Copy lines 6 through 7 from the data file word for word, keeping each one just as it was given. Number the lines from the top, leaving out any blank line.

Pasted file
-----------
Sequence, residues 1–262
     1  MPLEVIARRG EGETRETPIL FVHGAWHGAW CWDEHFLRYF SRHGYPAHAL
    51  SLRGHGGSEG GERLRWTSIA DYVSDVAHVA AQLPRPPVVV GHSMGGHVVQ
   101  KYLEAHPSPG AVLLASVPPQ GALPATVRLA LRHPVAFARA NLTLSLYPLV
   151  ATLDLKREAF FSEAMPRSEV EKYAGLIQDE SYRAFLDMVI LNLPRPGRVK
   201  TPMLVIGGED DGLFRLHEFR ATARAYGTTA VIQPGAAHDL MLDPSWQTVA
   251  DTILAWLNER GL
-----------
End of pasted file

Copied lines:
   201  TPMLVIGGED DGLFRLHEFR ATARAYGTTA VIQPGAAHDL MLDPSWQTVA
   251  DTILAWLNER GL